Keeping the He(ART) Alive: Adapting and Setting Boundaries

By Lauren Extrom

Posted on Thursday, April 16, 2020

This blog is a part of the NYC Arts in Education Roundtable’s new blog series, “Teaching Artists Speak Out: Blogs from Quarantine.” As schools remain closed, we’ve invited some “Teaching Artists of the Roundtable” to help us curate a series of blog posts written for and by NYC teaching artists. We’ll be posting new blogs each Tuesday and Thursday for the next several weeks. To view other blogs in the series, please click here.

—–

My grandfather (who was already quite sick before the virus arrived in the states) went into hospice care in his home in early March, before the stay-at-home orders were put in place, so I decided to take a trip to the suburbs of Chicago to say goodbye to him and to visit with family. I didn’t realize that my planned trip of five days would turn into a month-long trip, with little to no idea of when I would be able to return to my apartment—my life—in Brooklyn. 

I went over to his house, sang to him with my sister, and visited with family on the evening of March 11th. The next morning, I learned that he had passed away in his sleep. We planned to hold funeral services the following weekend but had to cancel due to the restrictions on public gatherings. Now my grandfather is sitting on our dining room table, cremated, silently reminding us of the impact he had on our lives. 

I’m not sure if any of us have processed it. I wish I could hug and comfort my family members who took care of him until his day of passing, but, unfortunately, hugging is not really an option in our culture anymore. So, we just take each day as it comes, do our best to remember that death ultimately is a part of life, and try to stay focused on our priorities. 

~~

Social distancing. Hand sanitizer. Business closures. Unemployment. Stay-at-home orders. Quarantine. Pandemic. 

All of this terminology has become such a large part of our everyday vocabulary, yet I still find it difficult to comprehend that all of this is actually happening. 

Whether we work on the frontlines or from home, it is safe to say that this virus has affected all of our lives in some way. My mom still goes to work as a nurse administrator at a hospital just outside of the city and is required to wear a mask all day. My dad still drives downtown every day to go to work at a small law office; two of his coworkers recently got sick with what they think is the coronavirus, but my dad still goes to work because he is 65 and is worried he may not have a job after the pandemic ends. My sister works from home but is worried about losing her job due to increased layoffs. I just finished graduate school and was in the process of interviewing for jobs in NYC, but now I am unsure of my next steps toward future employment in the arts. This pandemic is now a part of our reality, and as much as I wish it weren’t, I must accept it.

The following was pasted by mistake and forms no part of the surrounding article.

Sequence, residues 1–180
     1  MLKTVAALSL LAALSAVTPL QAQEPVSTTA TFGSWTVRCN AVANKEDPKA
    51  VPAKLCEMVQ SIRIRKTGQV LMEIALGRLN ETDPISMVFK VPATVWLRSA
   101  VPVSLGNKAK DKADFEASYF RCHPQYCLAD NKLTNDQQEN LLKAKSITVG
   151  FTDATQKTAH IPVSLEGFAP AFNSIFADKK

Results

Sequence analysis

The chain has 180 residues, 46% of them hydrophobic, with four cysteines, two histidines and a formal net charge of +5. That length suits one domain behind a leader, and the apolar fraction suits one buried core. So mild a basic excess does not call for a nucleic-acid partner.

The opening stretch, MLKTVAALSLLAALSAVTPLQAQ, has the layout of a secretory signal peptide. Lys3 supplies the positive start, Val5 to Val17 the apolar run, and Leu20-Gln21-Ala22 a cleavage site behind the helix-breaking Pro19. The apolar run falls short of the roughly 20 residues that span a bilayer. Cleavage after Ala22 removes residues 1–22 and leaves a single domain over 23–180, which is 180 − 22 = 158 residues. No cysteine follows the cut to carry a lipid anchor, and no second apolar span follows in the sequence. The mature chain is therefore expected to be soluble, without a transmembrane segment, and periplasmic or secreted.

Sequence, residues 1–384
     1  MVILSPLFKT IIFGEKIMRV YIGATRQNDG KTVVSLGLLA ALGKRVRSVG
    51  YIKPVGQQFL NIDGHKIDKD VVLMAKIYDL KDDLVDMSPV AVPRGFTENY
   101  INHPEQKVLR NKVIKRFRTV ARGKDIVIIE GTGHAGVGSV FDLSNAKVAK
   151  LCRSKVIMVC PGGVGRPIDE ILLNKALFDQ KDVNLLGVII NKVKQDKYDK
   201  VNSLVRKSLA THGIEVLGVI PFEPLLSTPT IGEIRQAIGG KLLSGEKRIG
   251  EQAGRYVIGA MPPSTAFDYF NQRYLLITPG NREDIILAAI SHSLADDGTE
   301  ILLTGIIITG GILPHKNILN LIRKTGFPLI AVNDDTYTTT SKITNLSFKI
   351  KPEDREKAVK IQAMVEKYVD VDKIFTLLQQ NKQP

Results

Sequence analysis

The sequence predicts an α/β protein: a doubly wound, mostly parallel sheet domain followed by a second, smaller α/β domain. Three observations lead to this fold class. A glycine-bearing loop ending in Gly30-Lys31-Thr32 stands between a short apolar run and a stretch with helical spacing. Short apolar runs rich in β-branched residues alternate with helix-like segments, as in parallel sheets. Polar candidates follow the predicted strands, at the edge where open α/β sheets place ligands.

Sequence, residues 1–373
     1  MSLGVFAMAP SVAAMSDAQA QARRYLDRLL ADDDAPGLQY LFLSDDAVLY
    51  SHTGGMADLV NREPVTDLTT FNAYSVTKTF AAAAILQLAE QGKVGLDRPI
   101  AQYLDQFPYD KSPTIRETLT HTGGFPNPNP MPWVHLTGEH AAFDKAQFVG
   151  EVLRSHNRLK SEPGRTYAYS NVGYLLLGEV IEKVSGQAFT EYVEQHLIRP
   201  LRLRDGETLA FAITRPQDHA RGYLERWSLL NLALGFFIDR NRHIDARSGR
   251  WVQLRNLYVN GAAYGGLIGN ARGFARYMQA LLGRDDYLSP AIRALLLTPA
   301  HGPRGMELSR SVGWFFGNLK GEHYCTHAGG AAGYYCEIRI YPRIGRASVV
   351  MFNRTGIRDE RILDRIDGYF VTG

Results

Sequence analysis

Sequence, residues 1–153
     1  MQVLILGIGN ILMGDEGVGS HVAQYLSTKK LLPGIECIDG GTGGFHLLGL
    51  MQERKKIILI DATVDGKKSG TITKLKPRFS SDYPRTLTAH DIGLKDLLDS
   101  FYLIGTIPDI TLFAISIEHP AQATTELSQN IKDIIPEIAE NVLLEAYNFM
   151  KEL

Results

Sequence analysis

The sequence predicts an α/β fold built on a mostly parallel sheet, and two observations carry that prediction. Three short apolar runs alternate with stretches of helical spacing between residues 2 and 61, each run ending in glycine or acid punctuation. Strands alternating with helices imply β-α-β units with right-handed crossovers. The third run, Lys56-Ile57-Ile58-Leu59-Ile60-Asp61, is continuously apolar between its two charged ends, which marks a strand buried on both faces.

I recognize that I am much more fortunate than most during these times; I have a loving family whom I can stay with outside of NYC and will be receiving financial support from them until I can find some sort of remote work. If it weren’t for them, I’m not sure how I would be able to pay my rent for my apartment in NYC and put food in my stomach. I’m very grateful to have this time with my family, and I certainly don’t take that time for granted. 

Still, I would be lying if I said that I didn’t miss the solitude I usually have access to in my apartment, and to the artistic community that I am a part of in NYC. For me, my practice as an artist is a personal one and is often done in solitude when I am not performing or collaborating with others. I would spend hours in a practice room if I could, writing songs and practicing music and monologues, all of which usually involves a lot of self-acceptance, weird vocal exercises, and silly faces and tongue shape examinations in the mirror. Although I have a piano here in my parents’ house and can isolate myself in my childhood bedroom to do some writing, I can’t deny that I have had to make some adjustments to my routines and artistic goals as a result of my new living situation. 

When it comes to boundaries, I used to be a doormat. It wasn’t until I started following emotionally intelligent trailblazers such as Brené Brown and Elizabeth Gilbert that I began to see boundaries as essential to any relationship, especially my relationship with myself. 

Here are a few of the ways in which I have tried to set healthy routines and boundaries around my artistic practice while living with my family. Every day is certainly not the same, and no matter what, I try to be kind to myself as I navigate my new living situation. I also know that every artist’s at-home situation is going to be different, so not all of these ideas will work for everyone. Regardless, I try to keep these ideas in mind as I tackle each day: 

  • I try to let my family members know about my schedule. If I want to spend an hour (or more) undisturbed in my room to do some writing, I will let them know ahead of time so that they don’t assume that something is wrong or that I am ignoring them. I also will let them know when I plan to practice the piano and/or sing, as I will inevitably be heard by everyone in the house, no matter what room they are in. And on that *note*…